On PM last night Nick Clegg was lobbed a question about the Radio One ban (later removed) on "A Fairytale of New York". Did he agree with the ban? - Eddie Mair asked. I thought Nick handled the question very well.
He said he did not know the song and that there would have to have good reasons to ban it. "Can I listen to the song and then get back to you?" he asked.
Good answer. Should a party leader have heard of an old Pogues' song which is 20 years old.. so old, in fact, that one of the singers has died and the other was last spotted lying under a table in a Dublin pub? Of course not. And the Radio One ban was daft anyway, as admitted by Andy Parfitt, Radio One controller, who lifted the ban.
I suspect this hoo-hah will guarantee enormous sales for the Pogues disc this Christmas.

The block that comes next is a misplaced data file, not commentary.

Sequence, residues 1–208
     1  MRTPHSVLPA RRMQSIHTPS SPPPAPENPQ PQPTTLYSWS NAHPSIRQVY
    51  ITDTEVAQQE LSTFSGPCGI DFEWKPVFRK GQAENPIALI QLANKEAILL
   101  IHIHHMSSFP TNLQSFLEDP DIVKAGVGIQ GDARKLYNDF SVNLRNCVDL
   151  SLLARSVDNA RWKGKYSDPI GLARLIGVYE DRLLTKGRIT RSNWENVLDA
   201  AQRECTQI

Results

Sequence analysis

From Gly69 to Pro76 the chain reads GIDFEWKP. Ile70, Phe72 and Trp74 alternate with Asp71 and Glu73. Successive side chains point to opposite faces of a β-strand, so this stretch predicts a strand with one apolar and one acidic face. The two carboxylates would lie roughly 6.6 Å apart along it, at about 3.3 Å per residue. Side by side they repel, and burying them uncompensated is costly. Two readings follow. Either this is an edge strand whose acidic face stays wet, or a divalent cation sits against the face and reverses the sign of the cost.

Bans always do. Ever heard of Judge Dredd? Not many people have. But he had several big hits simply because Radio One routinely banned his "Big" records ("Big Seven", Big Eight" etc). And the Sex Pistols "God Save the Queen" would never have got to Number One if it hadn't been for Radio One banning it.
Newsnight raised an interesting historic note about bans. "My little stick of Blackpool rock" by George Formby got into hot water with the BBC:
The BBC's Dance Music Policy Committee, who were later to ban Bobby Darin's Mack the Knife and the scandal-hit Jane Birkin and Serge Gainsbourg song Je T'Aime... took great issue with George's Little Stick of Blackpool Rock. Ooo-er!
Presumably Gracie Fields "Biggest Aspidistra in the world" (clearly phallic), "Teddy Bears' picnic" (connotations of forestial orgies) and Chuck Berry's "My ding-a-ling" (in many ways a mickey-take of censorship) fall into a similar bracket.